GettinTipsyI’ve seen many more pictures of the flooding in and around Marble Falls and talked to many more of our dear friends down there since yesterday’s post. Thank God they didn’t receive hardly any additional rain last night. But the devastation from Tuesday night’s flood appears today to be worse than anybody originally thought. At least 150 homes and businesses have been damaged. They are able to produce a little bit of water for residents, but they first have to boil every drop they use. Because of that, most every business and restaurant in Marble Falls is still closed today. Mayor Raymond Whitman, a member of the church in Marble Falls, is estimating millions of dollars in damages to the city’s infrastructure, mainly in washed out bridges and roads. Here’s a short story from the Statesman on Marble Falls’ situation. They’re expecting up to six more inches of rain today and tonight. Here’s an interesting series of charts and tables from the LCRA on all five of the Highland Lakes. Scroll down and check out the spikes on the lake levels at Lake Marble Falls and Lake Travis. They’re still in a “major flood event” this morning on Travis. Here are some pictures and commentary from my good friend Jimmy Mitchell, the youth minister in Marble Falls. And here’s a whole bunch of great pictures from KXAN-TV in Austin. And, I can’t help it. Here are the ones that have impacted me the most. I’m not very good (any good at all, actually) at positioning these pictures where I’d like. Help me, John!!! Pardon the weird style of all this.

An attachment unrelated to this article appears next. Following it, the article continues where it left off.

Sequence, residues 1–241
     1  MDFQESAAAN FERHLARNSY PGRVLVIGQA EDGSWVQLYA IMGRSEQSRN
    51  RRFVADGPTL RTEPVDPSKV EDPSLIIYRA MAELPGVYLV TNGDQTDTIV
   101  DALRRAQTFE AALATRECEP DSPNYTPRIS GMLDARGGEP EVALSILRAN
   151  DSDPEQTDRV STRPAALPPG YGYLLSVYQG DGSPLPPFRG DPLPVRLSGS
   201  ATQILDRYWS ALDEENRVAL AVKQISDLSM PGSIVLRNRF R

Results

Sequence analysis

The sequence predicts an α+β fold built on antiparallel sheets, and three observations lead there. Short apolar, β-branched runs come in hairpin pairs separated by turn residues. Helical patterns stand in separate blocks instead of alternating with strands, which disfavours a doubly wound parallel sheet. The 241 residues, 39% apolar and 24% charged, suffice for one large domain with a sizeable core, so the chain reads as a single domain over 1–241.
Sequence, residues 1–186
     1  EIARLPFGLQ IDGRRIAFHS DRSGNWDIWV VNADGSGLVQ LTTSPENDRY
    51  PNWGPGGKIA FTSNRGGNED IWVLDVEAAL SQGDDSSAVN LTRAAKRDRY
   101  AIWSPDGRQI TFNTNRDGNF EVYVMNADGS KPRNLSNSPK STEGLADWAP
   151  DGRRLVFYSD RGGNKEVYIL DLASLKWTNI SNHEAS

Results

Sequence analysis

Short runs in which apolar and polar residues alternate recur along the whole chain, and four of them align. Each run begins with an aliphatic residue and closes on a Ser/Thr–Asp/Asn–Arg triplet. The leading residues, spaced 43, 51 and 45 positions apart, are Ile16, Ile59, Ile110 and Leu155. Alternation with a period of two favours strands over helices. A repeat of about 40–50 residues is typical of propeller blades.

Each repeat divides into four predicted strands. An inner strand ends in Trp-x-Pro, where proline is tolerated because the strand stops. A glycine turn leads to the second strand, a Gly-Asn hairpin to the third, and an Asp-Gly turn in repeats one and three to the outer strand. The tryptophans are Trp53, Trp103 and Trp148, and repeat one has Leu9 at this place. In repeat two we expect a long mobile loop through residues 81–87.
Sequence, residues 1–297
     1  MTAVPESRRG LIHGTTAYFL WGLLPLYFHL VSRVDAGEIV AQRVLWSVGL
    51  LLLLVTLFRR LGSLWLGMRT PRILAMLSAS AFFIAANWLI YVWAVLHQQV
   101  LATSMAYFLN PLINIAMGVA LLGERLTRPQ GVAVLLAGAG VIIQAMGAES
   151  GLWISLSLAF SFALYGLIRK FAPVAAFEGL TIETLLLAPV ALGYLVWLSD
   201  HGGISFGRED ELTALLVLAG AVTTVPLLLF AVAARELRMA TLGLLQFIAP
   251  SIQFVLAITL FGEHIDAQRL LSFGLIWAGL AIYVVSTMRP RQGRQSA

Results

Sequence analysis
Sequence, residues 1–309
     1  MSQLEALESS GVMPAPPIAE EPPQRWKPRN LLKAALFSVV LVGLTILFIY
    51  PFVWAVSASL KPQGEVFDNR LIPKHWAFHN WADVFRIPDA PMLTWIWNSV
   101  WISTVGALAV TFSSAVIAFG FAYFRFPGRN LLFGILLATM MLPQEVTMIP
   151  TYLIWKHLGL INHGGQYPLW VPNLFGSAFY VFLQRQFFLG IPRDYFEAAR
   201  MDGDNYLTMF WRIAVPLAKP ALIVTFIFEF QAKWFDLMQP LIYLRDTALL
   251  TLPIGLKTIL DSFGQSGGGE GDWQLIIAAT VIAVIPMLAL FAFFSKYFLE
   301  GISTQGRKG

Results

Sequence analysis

This is Margarita’sCreek the creek behind the Methodist church and Margarita’s, between 1431 and Mission Hills Drive, where we lived for the past two years. This is a portion of Avenue J AvenueJnear downtown that’s been washed out. This is Commerce Street where Dan Burdett lost four or five of his storage units. CommerceStreetA couple of boat shops and BFI’s Burnet County headquarters are there and received lots of damage from the flooding of Whitman Branch.  Here’s a picture of one of many cars that were washed out on Highway-1431 just east of town. 1431Car   Johnson Park is still under water. JohnsonPark This is the view from the skate park looking towards Johnson Park and Backbone Creek. Here’s another of Johnson Park. JPark This is Lakeside Park where all the picnic pavilions were under water. LakesidePark And this is the section of Broadway, right there by the Boys & Girls club, leading up to the old Marble Falls Elementary. MFElementary  Here’s some more of the damage that was done to the businesses along 281 next to Whitman Branch. Cars and boats and debris thrown around and into other cars and boats and windows and buildings. Limo Next to the shots of Johnson Park, this is the picture that overwhelms me most. This is the arm of the Llano River that shoots out onto the Kingsland Slab. That bridge that’s covered there is only for cars. If you want to get out into all that, you generally just step across on the rocks. I’ve never seen that more than knee deep. Never. That’s where you take the little kids to play in the water and picnic. I can’t believe how deep and wide it is today! KingslandSlab Finally, arial shots of Wirtz Dam between Lakes LBJ and Marble Falls WirtzDam and of Starcke Dam between Lakes Marble Falls and Travis. StarckeDam To all our dear friends in the Hill Country and along the beautiful Highland Lakes, we love y’all and we’re thinking of y’all and praying for y’all.